Again, having a vigilant drug control authority in place is a state’s best defence against spurious, fake or poor-quality drugs. Drugs Control Administration unearths spurious medicine racket in Vijayawada, writes Sambasiva Rao. The Delhi High Court upheld the Central Government’s decision to include all medical devices within the ambit of the term ‘drug’ under the Drugs and Cosmetics Act.

A contentious issue in recent times, with advertisements from one particular provider of Indian Systems of Medicine drugs flooding the market, is the question of regulating the claims and fantastic cures that some of these organisations promise. More recently, the Ayurveda, Yoga and Naturopathy, Unani, Siddha and Homeopathy (AYUSH) Ministry made a U-turn on its stance on regulating inappropriate advertisements of Ayurvedic, Siddha and Unani medicines and this has come under fire. Health experts have now approached the Ministry for urgent intervention and possible reversal of its recommendation. The Ayurvedic Siddha and Unani Drugs Technical Advisory Board has recommended the omission of Rule 170 which deals with controlling inappropriate advertisements and was previously brought into the amendment of the Drugs & Cosmetics Rules, 1945.

Food prices are on the rise, but are our earnings keeping up? | Data Point video 

The messages on nutrition continue to be issued, given that September if being treated as nutrition week in the country. Watch this video by Sonikka Loganathan on how food prices continue to rise but the question to be asked is if earnings are going up to accommodate the inflation, continuing in the series on health, nutrition and affordability. Suruchi Singh discusses in this very important article about what will convey the message effectively to the people of the importance of taking a nutritious diet. People often lack knowledge of proper eating and feeding practices. Myths around food and increased accessibility to highly processed food have compounded the problem. Nutrition counselling can potentially be the answer to this problem, she says, highlighting the Bemetara experience from Chattisgarh.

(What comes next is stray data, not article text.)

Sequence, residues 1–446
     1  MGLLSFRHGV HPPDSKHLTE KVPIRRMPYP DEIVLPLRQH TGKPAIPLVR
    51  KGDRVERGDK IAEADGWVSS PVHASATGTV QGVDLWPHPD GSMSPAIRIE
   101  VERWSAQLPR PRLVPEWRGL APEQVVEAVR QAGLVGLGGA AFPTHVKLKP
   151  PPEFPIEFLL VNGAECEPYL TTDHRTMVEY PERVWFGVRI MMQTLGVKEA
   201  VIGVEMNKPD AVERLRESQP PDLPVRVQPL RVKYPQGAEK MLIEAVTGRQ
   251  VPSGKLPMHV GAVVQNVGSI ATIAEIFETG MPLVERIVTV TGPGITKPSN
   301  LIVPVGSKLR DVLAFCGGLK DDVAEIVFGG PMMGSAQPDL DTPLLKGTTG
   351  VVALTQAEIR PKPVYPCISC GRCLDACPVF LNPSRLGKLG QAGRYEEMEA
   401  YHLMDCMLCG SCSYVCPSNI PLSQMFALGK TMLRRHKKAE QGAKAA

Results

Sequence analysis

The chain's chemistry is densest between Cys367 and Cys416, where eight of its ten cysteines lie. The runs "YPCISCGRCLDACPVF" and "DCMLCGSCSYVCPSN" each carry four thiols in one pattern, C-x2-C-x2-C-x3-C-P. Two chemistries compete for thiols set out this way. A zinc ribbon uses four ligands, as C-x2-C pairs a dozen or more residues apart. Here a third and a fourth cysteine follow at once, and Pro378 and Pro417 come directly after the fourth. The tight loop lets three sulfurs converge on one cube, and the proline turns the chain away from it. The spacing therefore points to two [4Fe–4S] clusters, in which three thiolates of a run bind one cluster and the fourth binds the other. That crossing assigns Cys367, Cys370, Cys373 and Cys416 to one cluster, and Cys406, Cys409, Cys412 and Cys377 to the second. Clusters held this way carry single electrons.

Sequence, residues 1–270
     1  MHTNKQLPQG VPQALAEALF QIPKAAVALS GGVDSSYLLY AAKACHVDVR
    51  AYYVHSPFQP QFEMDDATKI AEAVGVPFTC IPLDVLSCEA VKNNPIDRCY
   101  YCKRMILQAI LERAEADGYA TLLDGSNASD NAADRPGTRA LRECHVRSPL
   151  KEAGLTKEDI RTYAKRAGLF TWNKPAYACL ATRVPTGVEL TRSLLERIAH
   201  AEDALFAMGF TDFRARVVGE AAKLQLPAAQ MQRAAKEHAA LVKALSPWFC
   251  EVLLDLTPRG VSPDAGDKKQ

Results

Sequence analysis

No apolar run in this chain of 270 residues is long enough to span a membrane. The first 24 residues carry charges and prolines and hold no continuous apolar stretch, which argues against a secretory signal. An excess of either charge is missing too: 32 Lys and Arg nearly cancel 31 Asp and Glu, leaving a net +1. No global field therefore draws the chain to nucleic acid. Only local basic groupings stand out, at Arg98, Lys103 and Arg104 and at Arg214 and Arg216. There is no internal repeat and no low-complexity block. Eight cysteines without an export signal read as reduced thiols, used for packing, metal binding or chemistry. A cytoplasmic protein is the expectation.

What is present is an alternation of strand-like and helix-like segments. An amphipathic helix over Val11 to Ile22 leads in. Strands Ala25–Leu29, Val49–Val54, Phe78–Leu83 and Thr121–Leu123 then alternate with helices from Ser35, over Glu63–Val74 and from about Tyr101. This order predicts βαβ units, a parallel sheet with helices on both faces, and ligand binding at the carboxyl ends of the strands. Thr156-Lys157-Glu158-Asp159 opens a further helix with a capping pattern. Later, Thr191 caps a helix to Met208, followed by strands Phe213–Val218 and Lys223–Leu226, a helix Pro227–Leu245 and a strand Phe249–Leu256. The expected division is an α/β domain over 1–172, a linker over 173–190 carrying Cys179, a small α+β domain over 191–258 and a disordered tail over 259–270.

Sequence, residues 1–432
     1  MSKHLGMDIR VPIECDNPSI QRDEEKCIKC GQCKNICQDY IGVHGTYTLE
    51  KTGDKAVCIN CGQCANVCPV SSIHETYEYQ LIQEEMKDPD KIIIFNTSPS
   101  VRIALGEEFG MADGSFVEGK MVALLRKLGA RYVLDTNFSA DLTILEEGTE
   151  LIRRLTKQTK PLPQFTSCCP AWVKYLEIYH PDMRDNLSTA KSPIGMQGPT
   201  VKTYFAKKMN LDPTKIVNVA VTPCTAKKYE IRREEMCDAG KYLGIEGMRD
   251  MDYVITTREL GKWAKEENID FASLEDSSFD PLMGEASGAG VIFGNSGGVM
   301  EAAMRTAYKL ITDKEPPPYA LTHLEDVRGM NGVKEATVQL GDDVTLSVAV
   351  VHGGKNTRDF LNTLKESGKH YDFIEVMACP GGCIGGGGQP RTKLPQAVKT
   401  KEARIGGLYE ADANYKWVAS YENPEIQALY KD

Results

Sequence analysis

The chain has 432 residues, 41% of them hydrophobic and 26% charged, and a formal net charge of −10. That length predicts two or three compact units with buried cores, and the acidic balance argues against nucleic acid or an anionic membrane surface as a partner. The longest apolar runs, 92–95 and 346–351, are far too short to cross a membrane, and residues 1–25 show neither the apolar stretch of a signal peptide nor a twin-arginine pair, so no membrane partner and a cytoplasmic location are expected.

If this is the question on your mind: What does a healthy breakfast do for you? then, here are some answers I find out from a nutritionist, particularly pertaining to children. In this bibliography of a bunch of books related to nutrition, The good food guide: building a healthy world for future generations, Soma Basu picks out the best advice that public health experts offer through their books. Millets also have a role to play in tackling lifestyle diseases, Kerala’s Health Minister says.

September 15 is Vaginismus Awareness Day, and utilising the opportunity, Soujanya Padikkal writes about providing support to women dealing with the unbearable pain of vaginismus. Vaginismus causes involuntary contractions of the vaginal muscles making penetration of any kind; sexual or otherwise impossible or accompanied by excruciating pain, irrespective of the woman’s desire. This has the potential to cause a great deal of embarrassment, shame, and a feeling of inadequacy, besides actual pain, and will have to be handled with a mix of interventions. Meanwhile, women, particularly those who have had early menopause or have had a hysterectomy, will do well to heed this piece of advice from cardiologists: Do not ignore symptoms of cardiac problems.